Great idea. Cycling fans are a generous lot; surely NZD2,500 (AUD1,900) seems like good value to an affluent supporter that wants to hang out with some of NZ’s rising cycling stars. But ultimately, the horizon-less pool that demographic floats in is a small one. For most people, a $250 T-shirt doesn’t have the same allure. Contrast this with the four-tier membership program lauched today by Australian-registered UCI WorldTour team, GreenEDGE. In a nutshell:
‘Green Team’ membership = AUD77 for T-shirt + schwag + discount on other merchandise
‘Domestique’ membership = AUD149 for replica team cycling jersey + above
‘Podium’ membership = AUD495 for full team replica kit + other schwag + invitation to ride with team
‘Peloton’ membership = AUD990 for the whole shebang + spend full day eating and riding with team
In isolation, GreenEDGE’s like-for-like packages – the AUD77 “Green Team” and AUD990 “Peloton” packages are also better-elaborated than those offered by PureBlack – give amazing value when compared to that of PureBlack Racing. Given the added context of UCI WorldTour versus UCI Continental, PureBlack’s offer looks over-priced and poorly conceived.
Though, as a proud Kiwi (albeit living in Australia…), it hurts me to say this, GreenEDGE has taken time to understand the diverse demographic structure of its audience and conceived a broad membership program to match. In spite of PureBlack’s exquisite commercial partnerships (in simple image terms, Audi versus Subaru is no contest) and on-road presentation, the team has not effectively leveraged one of the most powerful potential sources of complementary funding – Kiwi pride. Whilst it will probably not eliminate the need for commercial sponsorships, crowd funding should not be overlooked as a budgetary pillar. As painful as it may be, perhaps PureBlack should look across the Tasman for inspiration.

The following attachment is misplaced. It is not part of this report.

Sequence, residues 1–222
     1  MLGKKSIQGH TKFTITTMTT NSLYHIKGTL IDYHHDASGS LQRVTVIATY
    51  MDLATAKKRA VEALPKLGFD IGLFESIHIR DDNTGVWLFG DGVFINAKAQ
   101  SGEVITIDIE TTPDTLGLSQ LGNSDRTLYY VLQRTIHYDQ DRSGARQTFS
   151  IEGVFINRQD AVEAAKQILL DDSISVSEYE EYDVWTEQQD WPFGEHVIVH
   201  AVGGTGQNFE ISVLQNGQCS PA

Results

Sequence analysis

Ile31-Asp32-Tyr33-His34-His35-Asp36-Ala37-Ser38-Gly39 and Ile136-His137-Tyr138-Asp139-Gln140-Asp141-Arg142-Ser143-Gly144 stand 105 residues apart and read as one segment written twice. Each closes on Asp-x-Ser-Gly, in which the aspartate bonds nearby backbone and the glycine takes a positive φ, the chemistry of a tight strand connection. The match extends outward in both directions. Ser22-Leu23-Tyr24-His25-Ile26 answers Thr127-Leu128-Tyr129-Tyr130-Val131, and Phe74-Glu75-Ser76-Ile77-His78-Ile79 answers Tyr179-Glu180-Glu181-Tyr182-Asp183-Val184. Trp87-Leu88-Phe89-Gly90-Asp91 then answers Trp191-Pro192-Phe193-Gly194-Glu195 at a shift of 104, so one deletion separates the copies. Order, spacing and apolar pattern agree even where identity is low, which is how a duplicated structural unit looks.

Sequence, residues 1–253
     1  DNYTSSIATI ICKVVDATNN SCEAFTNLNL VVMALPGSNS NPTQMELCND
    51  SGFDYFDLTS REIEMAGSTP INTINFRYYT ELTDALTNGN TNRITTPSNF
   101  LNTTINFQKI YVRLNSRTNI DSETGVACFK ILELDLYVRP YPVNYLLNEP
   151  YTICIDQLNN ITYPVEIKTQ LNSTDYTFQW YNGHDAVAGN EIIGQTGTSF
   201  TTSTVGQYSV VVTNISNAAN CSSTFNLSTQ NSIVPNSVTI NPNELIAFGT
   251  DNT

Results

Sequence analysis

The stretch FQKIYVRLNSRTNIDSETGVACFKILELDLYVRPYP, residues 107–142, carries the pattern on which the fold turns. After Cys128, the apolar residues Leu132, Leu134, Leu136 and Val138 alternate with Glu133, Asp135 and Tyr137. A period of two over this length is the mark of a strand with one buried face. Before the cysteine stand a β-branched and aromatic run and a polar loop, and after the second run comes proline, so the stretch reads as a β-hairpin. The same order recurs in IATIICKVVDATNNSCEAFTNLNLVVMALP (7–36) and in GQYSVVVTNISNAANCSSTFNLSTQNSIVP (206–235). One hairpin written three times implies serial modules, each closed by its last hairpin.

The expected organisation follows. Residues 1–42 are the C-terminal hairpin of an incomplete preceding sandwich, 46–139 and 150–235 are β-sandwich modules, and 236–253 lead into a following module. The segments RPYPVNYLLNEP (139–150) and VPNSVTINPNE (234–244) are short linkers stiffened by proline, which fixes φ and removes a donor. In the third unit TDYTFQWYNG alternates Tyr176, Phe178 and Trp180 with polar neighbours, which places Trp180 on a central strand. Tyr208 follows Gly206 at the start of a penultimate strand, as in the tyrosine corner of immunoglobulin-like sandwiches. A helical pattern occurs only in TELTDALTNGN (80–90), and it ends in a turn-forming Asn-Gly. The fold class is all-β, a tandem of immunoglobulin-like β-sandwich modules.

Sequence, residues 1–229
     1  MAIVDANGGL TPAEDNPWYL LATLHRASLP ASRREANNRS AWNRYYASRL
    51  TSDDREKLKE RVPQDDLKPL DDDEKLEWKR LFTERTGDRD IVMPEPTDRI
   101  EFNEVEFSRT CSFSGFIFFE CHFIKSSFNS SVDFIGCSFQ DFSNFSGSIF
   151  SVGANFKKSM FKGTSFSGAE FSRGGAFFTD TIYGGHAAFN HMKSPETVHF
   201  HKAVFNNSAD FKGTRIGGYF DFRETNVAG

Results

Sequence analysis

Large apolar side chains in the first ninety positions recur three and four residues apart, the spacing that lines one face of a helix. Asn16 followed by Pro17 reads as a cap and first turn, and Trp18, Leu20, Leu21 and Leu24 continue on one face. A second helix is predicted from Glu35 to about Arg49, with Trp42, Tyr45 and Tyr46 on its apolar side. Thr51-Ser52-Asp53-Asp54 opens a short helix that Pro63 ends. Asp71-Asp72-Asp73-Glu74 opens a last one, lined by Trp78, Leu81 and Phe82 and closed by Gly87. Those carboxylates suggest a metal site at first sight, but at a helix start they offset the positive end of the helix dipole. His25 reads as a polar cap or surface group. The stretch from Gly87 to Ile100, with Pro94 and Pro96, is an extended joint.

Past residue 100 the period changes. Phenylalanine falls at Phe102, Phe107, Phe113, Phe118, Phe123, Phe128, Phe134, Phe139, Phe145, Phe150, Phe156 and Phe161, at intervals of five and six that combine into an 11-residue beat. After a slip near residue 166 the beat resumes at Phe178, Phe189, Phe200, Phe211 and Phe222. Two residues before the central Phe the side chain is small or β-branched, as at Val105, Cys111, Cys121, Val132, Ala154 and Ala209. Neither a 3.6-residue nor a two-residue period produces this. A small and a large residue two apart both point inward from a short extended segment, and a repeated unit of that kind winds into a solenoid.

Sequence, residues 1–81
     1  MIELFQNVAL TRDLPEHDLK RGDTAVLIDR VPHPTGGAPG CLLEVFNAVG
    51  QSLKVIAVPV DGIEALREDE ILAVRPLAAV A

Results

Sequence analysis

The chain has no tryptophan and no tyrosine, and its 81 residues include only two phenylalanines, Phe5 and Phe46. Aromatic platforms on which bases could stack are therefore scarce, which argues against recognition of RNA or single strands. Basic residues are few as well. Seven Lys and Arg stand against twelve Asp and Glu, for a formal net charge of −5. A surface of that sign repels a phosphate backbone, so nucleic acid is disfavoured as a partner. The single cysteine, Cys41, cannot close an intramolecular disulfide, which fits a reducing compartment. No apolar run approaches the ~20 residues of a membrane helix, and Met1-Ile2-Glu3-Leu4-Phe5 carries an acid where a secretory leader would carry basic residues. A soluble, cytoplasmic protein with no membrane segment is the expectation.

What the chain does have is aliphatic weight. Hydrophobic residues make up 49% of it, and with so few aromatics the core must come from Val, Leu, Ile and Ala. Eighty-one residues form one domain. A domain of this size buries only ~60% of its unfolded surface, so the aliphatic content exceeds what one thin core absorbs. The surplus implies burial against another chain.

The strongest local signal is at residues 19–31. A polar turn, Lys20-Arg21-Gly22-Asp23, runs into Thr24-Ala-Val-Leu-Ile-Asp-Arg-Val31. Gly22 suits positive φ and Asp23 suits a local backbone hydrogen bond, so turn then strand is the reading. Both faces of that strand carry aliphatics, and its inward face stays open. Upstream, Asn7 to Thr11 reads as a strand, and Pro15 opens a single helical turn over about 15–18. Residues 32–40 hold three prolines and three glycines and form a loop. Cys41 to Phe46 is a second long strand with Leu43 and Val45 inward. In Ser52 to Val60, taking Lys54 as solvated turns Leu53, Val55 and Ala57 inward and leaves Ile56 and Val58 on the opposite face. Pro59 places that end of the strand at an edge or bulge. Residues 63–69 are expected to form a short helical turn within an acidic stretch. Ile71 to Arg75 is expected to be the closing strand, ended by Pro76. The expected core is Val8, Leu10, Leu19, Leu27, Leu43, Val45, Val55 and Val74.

I agree. You have to offer a lot more for less. 1,000 bucks to ride and eat with O’Grady and Gossy for the day will be a very very profitable thing for the management company. Prices may go up someday but if you get can 500 people paying that in the first year, 750 the second, and so on it can be a big cost off-setter. You can fund the U23 and women’s team from this money for example. Cycling has too many non-business people making “business” decisions that effect the livelihood of dozens of people in Pegasus’s case (Chris White AKA “Dickless Unicron”) or the people behind PBR.
Thanks alot for your experienced input, Reed.
As for the comparison between Pegasus and PBR, I have to defer to the comments made by PBR’s riders today in Roadcycling.co.nz’s latest article on the team’s apparent disbanding. My take is PBR’s management has been superior to that of Pegasus; but that’s only based on a snapshot. Besides, who knows how comments will alter after the dust settles.
It would be interesting to see a comparison of the current World Tour sponsor’s annual cycling spend(s) as a proportion of their overall marketing budgets. Is there an example where the ‘bang for your buck’ is high enough to class sponsorship as an investment one could measure a return on, rather than just a perceived, and nigh-on-impossible to track, marketing benefit? Having recently seen Moneyball (thanks for the tip there Cam) there aren’t a hell of a lot of purely philanthropic Major League (insert sport here) team owners. Are crowd revenue and lucrative broadcast rights the missing pieces? The ASO’s asking price can’t be all that high given the current Australian TdF broadcast partner – with the greatest respect to SBS. I’ve heard people liken yacht racing to standing the shower tearing up $100 notes. Perhaps they’re only 10 euro notes being torn up by the AIGCP.
The Greenedge model is not dissimilar to how the AFL club membership models are structured. The understanding that fans come from a wide range of socio economic backgrounds is the key to getting stakeholder interest and inevitably membership numbers and the associated revenue. Browsing any club site will show you at least 5-7 options alone. I have no idea how the rugby club system is in NZ but surely they would have a similar level of sophistication?